Celebrate Bourbon Month with sorghum chicken

Celebrate Bourbon Month with sorghum chicken

It’s Still Bourbon Month

Celebrate with bourbon sorghum chicken

BY TOM YATES 

 

As a kid, I believed that if I could swing high enough to fly over the swing set my world would turn upside down and inside out. My private little Wonderland.

Now, as an adult, the world is upside down and inside out. No swings attached.

These days, it seems that most everything has been shuffled around, rescheduled, rearranged, postponed, cancelled, or virtualized. Even the 146th running of the Kentucky Derby has been moved from the first Saturday in May until the first Saturday in September, landing it right in the middle of National Bourbon Heritage Month. Bourbon and horse racing. A winning ticket. Win. Place. Show.

But, the annual Kentucky Bourbon Festival, which draws tens of thousands of people to the Bluegrass in September to celebrate all things bourbon, has been postponed and rescheduled as a virtual affair until October. Thinking back on my stints teaching the Culinary Arts: Bourbon Style Cooking School for hundreds of bourbonites at the Bourbon Festival, and remembering all the things that could and did go wrong during those live cooking demos, the thought of a virtual reality show now sounds somewhat appealing, but not as much fun. Take 1. Take 2. Cut. Edit. Silence. Repeat.

As things get rearranged and the seasons change, bourbon remains constant.

Whether you sip it, shoot it, mix it, or cook with it, bourbon is always in season.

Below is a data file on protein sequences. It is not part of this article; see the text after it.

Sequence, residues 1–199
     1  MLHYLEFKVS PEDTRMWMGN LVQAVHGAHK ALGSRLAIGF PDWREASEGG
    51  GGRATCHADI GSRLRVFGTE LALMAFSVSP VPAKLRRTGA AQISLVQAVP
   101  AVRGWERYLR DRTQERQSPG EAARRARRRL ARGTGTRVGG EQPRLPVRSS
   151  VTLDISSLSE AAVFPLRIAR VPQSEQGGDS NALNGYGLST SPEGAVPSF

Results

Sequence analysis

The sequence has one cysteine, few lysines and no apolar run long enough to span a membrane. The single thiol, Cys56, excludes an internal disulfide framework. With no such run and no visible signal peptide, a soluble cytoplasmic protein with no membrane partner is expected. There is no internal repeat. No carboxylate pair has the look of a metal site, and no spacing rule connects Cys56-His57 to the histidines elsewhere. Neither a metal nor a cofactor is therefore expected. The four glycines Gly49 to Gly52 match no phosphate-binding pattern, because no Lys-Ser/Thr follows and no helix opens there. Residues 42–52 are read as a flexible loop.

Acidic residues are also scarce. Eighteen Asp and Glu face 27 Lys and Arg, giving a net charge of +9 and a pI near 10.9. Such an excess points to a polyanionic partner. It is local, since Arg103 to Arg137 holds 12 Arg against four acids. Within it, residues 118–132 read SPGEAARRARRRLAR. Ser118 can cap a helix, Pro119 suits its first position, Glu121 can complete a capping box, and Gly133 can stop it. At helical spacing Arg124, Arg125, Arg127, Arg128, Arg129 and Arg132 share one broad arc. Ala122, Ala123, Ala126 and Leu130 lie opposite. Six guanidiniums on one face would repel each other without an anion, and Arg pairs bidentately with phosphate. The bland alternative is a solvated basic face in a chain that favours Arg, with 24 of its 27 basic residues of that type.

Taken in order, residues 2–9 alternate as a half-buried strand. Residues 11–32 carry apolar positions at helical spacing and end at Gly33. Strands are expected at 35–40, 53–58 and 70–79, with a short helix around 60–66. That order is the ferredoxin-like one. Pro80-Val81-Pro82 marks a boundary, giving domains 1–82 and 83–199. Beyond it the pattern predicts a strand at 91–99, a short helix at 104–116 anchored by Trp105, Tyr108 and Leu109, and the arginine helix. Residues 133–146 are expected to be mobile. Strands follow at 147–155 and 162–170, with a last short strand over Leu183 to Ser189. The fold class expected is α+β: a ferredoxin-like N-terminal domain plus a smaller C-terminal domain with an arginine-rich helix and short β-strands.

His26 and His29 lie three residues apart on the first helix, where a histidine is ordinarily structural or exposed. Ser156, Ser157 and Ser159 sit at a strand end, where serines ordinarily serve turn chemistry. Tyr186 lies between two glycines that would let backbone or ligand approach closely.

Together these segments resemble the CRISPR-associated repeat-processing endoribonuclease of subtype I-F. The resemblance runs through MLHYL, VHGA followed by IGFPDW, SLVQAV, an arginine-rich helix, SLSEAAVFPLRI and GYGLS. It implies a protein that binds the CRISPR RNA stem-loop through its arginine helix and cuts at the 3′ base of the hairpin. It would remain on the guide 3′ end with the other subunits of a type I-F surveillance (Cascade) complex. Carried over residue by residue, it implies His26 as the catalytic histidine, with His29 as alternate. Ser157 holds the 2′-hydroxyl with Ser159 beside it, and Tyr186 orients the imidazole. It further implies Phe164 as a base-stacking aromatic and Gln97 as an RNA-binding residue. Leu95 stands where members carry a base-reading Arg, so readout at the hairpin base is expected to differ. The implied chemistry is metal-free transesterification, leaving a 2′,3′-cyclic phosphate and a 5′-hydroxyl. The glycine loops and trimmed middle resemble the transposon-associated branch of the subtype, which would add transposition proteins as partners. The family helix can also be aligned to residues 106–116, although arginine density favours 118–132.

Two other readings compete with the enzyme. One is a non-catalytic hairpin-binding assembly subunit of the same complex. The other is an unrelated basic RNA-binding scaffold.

Bourbon-Sorghum Glazed Chicken

Make it shine. Oberholzter sorghum, deep and rich, is like silken golden honey. After sauteing 2 minced shallots in 1 tablespoon olive oil until translucent, I hit the pan with 1/2 cup Booker’s Bourbon, ignited it, and let it reduce before adding 1 cup Oberholzter sorghum, 1/4 cup apple cider vinegar, 1/4 cup light brown sugar, 2 tablespoons white balsamic vinegar, 1 teaspoon garlic powder, 1 teaspoon smoked paprika, and 1/2 teaspoon ground mustard. I brought the glaze to a boil, reduced it to simmer, and let it bubble away until it mellowed out into a smooth glaze, (about 20 minutes) and set it aside.

Stick it. I’m on team skewer. Not only are skewers inherently more fun, they provide a safer option for small gatherings celebrating the Derby and National Bourbon Heritage month. After slicing 2 pounds Garry Farm boneless chicken into manageable 1 1/2″ pieces, I threaded the chicken onto pre-soaked bamboo skewers along with Casey County red and green bell peppers sliced into wedges, peeled and quartered Stonehedge Farm purple onions, 2 sliced Madison County yellow squash, and 2 sliced and halved Woodford County Zucchini. I drizzled the skewers with olive oil and seasoned them with smoked paprika, salt, cracked black pepper, and garlic powder before setting them aside to marinate.

Fire. With everything on deck, I slapped the skewers onto a grill over hot coals and grilled the chicken for 10-12 minutes, turning them from to time and liberally brushing them with the glaze after each turn. When they were cooked through and slightly charred, I pulled them from the grill to rest and grilled 3 halved Stonehedge Farm purple onions cut side down. When the onions softened and caramelized, I carefully scooped out the inner layers to serve on the side, filled the grilled onions with heaping spoonfuls of succotash, and nestled them alongside the sorghum-bourbon glazed chicken before finishing with snipped garden chives and fresh basil.

While the bourbon added subtle smoky oak undertones to the sticky glaze, the vinegar-spiked sorghum provided mellow sweet acidity as it napped the tender chicken. Spilling from the soft caramelized onions, the lightly creamed succotash  countered the charred crunch of the grilled vegetables and the smoky sweetness of the bourbon glazed chicken.

Bourbon Season. Never postponed. 

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This article also appears on page 18 of the September 2020 print edition of Ace Weekly.

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